Figure 8 

Depth penetration of DOX up to 17.5µm in tumor tissue in each heating group. The 10x 30s FUS+HT group shows an increase in the drug signal following each hyperthermia burst, whereas in the case of continuous sonications, the signal increases until FUS is off at which point the signal slowly decays and begins to plateau. The unheated control group shows very little increase in extravascular signal as a function of time and distance in the tumor tissue.

Theranostics Image (Click on the image to enlarge.)

In the short duration heating case the measured DOX release using 2PM decreases with each successive HT burst. This progressive drop in release is most likely the result of a reduction in circulating liposomes, consistent with DOX being released from the liposomes while they are within the vasculature [42]. In mice the LTSL-DOX formulation was found to have a circulation half-life of 1.34hrs [57], but was also found to be rather unstable at physiological temperatures in dose escalation studies [52, 58]. This suggests that modifying the exposure scheme such that there were more short duration bursts close to the end of the drug infusion would result in a greater amount of released DOX. This was not carried out in the present study as a cool down period between pulses was desired to demonstrate the principle of this approach. Indeed, when an equivalent duration of heating was applied in the form of a single 3.5min exposure immediately following the LTSL-DOX infusion, a higher level of drug extravasation (+26%) was achieved. The AUC data also suggests a higher level of tissue exposure to the drug, however it should be noted that the times between exposures were not accounted for in the short duration heating case, nor was the time after the 3.5min exposure ended. The AUC was included as a point of reference to previous work, however in future work it would be of interest to sample images more regularly throughout the duration of the experiment for the AUC to reflect the tissue drug exposure levels.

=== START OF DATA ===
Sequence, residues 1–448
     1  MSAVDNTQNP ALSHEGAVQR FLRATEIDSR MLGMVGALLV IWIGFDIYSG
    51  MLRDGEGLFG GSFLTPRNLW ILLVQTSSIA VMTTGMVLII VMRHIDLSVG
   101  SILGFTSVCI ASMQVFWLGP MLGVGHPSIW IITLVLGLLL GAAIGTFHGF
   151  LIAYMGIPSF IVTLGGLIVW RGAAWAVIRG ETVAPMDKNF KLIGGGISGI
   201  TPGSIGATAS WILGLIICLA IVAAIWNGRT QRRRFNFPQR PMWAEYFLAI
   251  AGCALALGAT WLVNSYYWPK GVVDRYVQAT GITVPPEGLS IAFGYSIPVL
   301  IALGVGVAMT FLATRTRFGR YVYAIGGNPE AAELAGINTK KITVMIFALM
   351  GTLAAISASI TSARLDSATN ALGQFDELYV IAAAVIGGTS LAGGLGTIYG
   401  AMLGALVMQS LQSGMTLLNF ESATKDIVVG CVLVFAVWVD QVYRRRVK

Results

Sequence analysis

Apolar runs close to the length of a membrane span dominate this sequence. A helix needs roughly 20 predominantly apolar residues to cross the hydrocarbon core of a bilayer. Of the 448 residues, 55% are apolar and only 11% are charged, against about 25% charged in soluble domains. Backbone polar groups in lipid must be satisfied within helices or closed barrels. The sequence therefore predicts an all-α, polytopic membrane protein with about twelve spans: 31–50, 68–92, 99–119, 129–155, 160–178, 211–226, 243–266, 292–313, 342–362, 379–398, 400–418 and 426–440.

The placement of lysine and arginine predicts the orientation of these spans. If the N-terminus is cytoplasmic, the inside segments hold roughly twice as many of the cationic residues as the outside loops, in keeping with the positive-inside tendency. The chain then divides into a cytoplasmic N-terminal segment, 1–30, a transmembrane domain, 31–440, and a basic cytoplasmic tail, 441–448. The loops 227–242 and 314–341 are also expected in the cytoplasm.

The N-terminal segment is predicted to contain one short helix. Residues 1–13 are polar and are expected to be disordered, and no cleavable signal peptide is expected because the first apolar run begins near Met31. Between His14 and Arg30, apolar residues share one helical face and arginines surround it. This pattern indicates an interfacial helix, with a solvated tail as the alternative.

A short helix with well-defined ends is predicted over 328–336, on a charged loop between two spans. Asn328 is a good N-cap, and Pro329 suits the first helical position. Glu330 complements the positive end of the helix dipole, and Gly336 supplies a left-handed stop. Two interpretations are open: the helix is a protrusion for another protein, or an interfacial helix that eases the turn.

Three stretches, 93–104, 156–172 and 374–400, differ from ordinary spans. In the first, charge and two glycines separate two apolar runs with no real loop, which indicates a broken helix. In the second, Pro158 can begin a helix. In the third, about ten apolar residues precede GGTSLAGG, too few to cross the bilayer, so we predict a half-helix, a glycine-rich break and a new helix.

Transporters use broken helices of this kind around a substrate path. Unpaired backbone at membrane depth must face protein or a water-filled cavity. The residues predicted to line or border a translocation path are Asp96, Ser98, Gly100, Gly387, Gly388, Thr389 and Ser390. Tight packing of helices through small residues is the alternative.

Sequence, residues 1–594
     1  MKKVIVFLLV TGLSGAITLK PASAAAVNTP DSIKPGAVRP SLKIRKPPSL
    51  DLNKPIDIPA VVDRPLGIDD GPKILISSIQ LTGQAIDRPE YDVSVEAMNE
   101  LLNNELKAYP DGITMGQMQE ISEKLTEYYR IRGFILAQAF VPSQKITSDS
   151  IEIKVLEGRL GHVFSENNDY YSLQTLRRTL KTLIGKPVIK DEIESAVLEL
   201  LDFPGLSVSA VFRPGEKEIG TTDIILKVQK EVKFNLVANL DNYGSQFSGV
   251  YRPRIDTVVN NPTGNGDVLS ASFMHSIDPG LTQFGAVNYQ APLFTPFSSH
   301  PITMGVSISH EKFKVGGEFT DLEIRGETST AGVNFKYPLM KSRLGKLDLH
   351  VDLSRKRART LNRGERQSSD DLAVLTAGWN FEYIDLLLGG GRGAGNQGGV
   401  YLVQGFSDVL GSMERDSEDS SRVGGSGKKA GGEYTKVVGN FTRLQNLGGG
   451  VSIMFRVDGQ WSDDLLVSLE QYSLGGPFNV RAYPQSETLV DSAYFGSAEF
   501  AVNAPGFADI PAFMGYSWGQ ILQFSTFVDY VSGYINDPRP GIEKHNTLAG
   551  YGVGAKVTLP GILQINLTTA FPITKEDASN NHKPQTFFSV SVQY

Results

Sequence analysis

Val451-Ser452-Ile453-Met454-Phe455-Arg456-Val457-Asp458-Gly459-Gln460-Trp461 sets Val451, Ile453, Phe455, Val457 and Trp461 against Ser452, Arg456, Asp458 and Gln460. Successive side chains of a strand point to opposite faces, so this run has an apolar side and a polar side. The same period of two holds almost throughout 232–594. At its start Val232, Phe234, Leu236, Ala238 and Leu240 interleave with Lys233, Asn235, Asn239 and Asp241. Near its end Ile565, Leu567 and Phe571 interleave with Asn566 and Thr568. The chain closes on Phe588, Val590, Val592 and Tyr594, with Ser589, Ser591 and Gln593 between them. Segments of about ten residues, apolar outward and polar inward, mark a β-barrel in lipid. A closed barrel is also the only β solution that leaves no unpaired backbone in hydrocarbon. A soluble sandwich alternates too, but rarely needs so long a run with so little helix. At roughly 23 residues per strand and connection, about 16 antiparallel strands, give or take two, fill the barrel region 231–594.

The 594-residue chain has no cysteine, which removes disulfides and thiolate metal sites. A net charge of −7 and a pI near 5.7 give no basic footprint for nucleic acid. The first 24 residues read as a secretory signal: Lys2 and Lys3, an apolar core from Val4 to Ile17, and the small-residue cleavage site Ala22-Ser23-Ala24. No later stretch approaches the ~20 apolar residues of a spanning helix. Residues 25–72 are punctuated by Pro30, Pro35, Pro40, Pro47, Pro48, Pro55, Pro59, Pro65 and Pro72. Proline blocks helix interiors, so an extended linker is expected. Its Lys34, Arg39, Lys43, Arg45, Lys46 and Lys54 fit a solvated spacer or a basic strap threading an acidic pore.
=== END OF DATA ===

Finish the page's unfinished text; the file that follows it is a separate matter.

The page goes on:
The short duration exposures were evaluated as we envision that they are a strategy to overcome current obstacles to treating a range of tumor types with MRgFUS+HT. By applying short duration exposures issues related to convective cooling in proximity to large thermally significant vessels, or in regions of high perfusion, could be overcome [41]. Heating biological tissue in short durations has been shown to mitigate the effects of perfusion [59] and can also be applied during a breath hold to limit motion. The idea originated from the use of FUS for lesion formation in the late 1970's and early 1980's [60, 61] and was later proposed for HT treatments in 1984 by Britt et al. [62]. A 30s breath hold may be a difficult task for patients with advanced disease, but we envision that shorter durations of heating applied for more repetitions near the end of drug infusion would yield comparable drug release. Furthermore, with modern phased-array FUS technology and precise anatomical targeting with MRI, multiple HT treatment cells can be defined [63] and heated in rapid succession without prolonged cooldown time to both overcome perfusion and maximize the amount of drug released.